Siderastrea siderea all showed signs of minor or early stages of DSD or past tissue necrosis with exposed skeleton.
Stephanocoenia mechelinii were not seen bleaching. However, necrotic tissue was evident, causes wee unknown. Non appeared to have DSD lesions on the tissue surface.
Diploria strigosa all colonies showed minor to middle stages of bleaching.
Meandrina meandrites all appeared healthy. Very few were in direct sunlight.
Colpophyllia natans all colonies showed minor to middle stages of bleaching. Parrot fish lesions were seen, however, small lesions approximately 1-2 cm was the average size. Not one observation of 10-20 inch lesions were evident within a 24 hr time period as seen during the PFWSB/RWD debate during 1996-97. All of the lesions seen during this time showed no necrotic tissue border after the biting.
Fungiida (Leptoseris cacullata) all appeared healthy.
Agaricia lamarcki all that were in direct light appeared mildly bleached. In the more dark areas, all appeared healthy.
Agaricia tenuifolia were all in mid to late stages of bleaching. Symbiotic algae were seen in mucus streams above the coralite.
Madracis Formosa were seen in mild stages of bleaching.
Oculina tenella were in mild stages of bleaching.
Sea-fans all appeared healthy, outside of 2 cases of Sea fan Disease that were effecting the older colonies. All healthy Seaman's were juveniles between 5-10 cm long.
All reef fish were abundant and diversity seemed to be high.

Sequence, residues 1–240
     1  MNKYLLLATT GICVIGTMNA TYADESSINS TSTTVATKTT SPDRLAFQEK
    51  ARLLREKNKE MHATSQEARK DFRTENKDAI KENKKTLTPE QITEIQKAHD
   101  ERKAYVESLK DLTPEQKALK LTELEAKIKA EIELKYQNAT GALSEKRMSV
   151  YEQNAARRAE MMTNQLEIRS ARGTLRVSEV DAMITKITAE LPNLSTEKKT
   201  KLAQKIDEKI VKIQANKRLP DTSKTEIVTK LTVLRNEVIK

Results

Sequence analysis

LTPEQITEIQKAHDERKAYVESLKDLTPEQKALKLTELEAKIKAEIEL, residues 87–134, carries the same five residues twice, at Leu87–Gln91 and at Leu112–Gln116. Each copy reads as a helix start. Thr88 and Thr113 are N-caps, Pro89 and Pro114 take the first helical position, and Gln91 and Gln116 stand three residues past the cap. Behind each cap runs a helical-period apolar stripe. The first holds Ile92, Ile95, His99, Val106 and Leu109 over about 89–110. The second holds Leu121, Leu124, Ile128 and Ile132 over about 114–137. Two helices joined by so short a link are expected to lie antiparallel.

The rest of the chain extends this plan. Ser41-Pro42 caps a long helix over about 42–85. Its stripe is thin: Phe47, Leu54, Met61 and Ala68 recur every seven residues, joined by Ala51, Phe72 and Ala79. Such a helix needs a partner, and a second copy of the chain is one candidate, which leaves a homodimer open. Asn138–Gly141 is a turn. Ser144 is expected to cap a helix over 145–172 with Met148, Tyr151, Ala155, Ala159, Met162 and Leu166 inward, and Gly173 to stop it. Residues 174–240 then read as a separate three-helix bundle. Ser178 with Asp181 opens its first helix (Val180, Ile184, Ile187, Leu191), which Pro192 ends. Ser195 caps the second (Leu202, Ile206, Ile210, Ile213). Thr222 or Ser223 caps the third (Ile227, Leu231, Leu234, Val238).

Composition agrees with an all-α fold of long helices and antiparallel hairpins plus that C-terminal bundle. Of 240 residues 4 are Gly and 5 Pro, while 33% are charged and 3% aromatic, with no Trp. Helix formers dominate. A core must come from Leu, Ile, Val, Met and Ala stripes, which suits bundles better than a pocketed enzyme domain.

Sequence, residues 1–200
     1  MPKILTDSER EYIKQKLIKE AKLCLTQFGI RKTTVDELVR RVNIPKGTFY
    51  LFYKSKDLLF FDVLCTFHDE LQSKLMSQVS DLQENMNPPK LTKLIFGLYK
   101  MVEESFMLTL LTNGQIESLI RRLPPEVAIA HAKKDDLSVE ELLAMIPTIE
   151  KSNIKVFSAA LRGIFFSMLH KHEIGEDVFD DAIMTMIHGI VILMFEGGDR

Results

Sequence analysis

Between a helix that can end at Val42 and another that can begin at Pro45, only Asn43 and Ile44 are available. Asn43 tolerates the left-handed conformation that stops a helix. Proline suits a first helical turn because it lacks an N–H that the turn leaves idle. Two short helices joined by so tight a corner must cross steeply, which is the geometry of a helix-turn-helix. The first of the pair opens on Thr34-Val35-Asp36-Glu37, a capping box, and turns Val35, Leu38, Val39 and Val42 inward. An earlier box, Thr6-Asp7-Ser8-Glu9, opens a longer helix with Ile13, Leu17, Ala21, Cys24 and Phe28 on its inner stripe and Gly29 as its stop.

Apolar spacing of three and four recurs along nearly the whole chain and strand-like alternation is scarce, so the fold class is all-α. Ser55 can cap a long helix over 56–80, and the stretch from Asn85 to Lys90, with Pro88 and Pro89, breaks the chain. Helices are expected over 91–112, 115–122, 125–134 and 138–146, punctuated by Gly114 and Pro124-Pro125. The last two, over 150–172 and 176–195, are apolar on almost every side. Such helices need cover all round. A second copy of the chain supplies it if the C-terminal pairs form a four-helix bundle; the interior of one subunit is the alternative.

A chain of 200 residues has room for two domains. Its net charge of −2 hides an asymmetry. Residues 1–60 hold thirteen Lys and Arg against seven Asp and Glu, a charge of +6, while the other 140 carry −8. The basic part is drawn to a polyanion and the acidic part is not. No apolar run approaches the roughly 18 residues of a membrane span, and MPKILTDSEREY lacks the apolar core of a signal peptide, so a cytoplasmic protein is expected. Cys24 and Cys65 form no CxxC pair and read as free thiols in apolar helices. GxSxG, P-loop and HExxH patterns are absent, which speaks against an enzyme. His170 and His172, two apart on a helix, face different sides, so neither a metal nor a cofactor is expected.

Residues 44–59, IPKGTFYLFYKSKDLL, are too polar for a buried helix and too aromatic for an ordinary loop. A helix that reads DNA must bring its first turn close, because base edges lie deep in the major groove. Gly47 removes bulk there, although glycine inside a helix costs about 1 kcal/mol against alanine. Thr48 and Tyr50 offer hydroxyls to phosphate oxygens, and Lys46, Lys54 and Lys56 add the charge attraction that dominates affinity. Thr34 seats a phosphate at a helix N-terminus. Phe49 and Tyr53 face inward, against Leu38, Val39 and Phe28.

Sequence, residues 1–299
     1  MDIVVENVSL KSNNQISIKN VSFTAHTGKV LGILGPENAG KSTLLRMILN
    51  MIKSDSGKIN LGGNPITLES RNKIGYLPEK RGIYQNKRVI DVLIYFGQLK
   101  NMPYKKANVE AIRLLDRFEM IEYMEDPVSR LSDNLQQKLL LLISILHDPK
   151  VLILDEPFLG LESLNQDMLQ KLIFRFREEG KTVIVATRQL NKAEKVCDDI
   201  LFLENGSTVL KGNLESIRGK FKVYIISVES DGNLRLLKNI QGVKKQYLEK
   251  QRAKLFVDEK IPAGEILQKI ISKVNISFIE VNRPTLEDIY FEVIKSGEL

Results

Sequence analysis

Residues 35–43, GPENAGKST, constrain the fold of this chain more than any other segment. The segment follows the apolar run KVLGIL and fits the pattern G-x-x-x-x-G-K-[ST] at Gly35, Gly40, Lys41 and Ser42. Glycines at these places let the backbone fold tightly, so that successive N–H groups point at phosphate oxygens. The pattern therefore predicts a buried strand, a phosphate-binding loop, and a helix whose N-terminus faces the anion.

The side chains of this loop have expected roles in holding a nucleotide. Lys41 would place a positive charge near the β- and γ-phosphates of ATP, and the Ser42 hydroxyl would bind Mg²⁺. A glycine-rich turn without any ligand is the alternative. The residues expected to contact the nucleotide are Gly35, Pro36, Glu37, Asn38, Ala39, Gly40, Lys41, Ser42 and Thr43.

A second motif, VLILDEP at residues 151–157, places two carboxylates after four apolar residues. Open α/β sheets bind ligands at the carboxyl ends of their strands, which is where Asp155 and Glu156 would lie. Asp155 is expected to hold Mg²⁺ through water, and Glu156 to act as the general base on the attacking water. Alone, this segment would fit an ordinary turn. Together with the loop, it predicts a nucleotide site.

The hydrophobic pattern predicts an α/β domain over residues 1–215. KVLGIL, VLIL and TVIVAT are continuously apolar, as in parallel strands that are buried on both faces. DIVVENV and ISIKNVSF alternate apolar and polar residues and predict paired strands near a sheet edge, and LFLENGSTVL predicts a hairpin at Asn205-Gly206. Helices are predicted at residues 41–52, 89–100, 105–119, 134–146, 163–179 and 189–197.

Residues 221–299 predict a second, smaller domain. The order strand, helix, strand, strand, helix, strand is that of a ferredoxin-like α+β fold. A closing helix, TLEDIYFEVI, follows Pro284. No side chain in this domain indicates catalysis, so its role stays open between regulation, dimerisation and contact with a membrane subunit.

Macro Algae and Ecology of this habitat. As many of us coral biologists understand, coral reefs are known to be the most nutrient sensitive ecosystems. Coral reefs can become "eutrophic", that is, overgrown by weedy algae, at nutrient levels that are so low that they would indicate nutrient starvation in any other ecosystem (P. Bell,1992, Eutrophication and coral reefs: some examples in the Great Barrier Reef lagoon, Water Research, 26: 553-568; B. Lapointe, & M. Clark, 1992, Nutrient inputs from the watershed and coastal eutrophication in the Florida Keys, Estuaries, 15: 465-476; B. Lapointe, in press, Eutrophication thresholds for macroalgal overgrowth of coral reefs, in K. Thacker (Ed.) Protecting Jamaica's Coral Reefs: Water quality issues). Therefore, an immediate stop work order on the proposed development location should be established as a result of human-caused nutrient additions from The Discovery Corp. to these coastal waters surrounding Guana Key. This is needed to prevent the corals from being overgrown and killed by weedy algae. This golf course will be a point source and will create dangerously high levels of nutrients. Any nutrient drainage into this area will cause the reefs to deteriorate further. This includes nutrients from development projects involving dredging, which will lead to sediment loading on the surfaces of corals on the north and south side of Guana Key, as well as from construction of the golf course and excess sewage that is usually accompanied by such projects. The Discovery & Co. EIA plans are to dredge up a portion of the 1 mile island, dump the sediment onto the surrounding reef and add soil fill combined with quartz sand for this golf course. This limestone substrate will act as a permeable filter for the nutrients to leach out into the reef thereby feeding the invasive species.